A new report (1) by scientists at the University of Cambridge and New Iberia Research Center illustrates “high conservation potential” of vaccines for endangered wild primates devastated by viral disease. The paper published today in the prestigious scientific journal PNAS shows that candidate vaccines which despite very promising preclinical results never complete the expensive licensing process for human use – can be co-opted for use in populations of highly endangered species such as gorillas and chimpanzees.

The study was supported by an unusual constellation of organizations, including the Universities of Cambridge and Louisiana, the conservation charity Apes Incorporated, the US Army Medical Research Institute of Infectious Diseases and the biotech company Integrated BioTherapeutics Inc.  The work was conducted at the US’s New Iberia Research Center in Louisiana, one of the research facilities that houses chimpanzees who are not owned by the National Institutes of Health.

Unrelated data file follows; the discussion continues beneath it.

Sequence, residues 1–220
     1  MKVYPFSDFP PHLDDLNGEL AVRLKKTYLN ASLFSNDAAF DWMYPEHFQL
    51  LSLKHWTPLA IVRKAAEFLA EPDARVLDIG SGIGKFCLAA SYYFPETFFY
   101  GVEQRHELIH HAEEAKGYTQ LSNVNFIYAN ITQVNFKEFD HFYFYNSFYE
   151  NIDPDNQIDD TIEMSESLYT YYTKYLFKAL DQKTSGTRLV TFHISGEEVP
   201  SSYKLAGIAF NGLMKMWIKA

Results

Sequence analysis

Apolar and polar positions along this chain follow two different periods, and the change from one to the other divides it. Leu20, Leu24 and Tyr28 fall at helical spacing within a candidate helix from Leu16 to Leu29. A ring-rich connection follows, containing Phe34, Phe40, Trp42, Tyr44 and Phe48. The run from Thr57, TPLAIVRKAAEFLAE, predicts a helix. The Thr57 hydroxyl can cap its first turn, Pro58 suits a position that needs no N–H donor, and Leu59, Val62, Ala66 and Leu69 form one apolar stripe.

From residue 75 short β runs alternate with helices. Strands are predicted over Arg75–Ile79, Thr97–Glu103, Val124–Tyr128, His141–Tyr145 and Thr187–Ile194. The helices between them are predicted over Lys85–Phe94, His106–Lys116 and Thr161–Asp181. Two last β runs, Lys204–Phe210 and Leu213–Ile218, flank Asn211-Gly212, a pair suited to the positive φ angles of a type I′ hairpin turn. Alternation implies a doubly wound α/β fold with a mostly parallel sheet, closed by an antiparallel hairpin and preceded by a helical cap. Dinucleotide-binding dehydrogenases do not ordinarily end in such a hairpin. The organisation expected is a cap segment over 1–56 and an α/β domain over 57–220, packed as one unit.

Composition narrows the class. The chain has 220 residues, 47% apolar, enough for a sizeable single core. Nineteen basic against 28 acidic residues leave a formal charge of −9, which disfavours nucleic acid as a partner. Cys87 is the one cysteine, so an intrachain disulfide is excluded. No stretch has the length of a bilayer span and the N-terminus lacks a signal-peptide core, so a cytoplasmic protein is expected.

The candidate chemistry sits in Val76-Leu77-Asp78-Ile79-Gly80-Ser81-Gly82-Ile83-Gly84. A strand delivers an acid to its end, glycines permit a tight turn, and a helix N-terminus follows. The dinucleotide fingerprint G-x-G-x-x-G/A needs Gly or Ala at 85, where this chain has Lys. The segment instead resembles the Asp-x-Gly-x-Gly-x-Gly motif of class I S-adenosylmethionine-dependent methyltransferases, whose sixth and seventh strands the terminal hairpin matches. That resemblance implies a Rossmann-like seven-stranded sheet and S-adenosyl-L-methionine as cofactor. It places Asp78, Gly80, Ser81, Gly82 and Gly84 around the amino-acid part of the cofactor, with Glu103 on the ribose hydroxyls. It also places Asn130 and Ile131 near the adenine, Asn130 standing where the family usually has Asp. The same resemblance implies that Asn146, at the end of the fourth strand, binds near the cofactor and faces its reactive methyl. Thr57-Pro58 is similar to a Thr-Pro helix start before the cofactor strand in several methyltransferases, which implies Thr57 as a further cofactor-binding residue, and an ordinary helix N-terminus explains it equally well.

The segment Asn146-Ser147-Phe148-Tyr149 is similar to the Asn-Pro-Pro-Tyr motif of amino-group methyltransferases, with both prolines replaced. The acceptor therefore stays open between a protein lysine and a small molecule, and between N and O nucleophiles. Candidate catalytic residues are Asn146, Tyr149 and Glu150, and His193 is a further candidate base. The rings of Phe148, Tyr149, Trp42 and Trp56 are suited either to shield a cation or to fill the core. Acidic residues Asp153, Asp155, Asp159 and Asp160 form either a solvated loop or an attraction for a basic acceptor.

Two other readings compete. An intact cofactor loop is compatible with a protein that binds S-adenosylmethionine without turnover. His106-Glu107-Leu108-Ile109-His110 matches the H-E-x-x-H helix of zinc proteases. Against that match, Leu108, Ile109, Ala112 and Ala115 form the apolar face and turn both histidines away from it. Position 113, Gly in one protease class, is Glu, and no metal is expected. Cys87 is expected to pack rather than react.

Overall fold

This is the first time that a conservation-specific vaccine trial has been undertaken on captive chimpanzees, and proves that a vaccine against Ebola virus is both safe and capable of producing a robust immune response in chimpanzees.

The research team, led by Dr Peter Walsh of the University of Cambridge, administered captive chimpanzees with a new virus-like particle (VLP) vaccine being developed by the biotech company Integrated Biotherapeutics for use on humans. While they did not challenge the vaccinated animals directly with Ebola, researchers tested whether antibodies harvested from the chimpanzees’ blood could protect mice against the deadly virus. They also monitored the chimpanzees in case the vaccine produced health complications.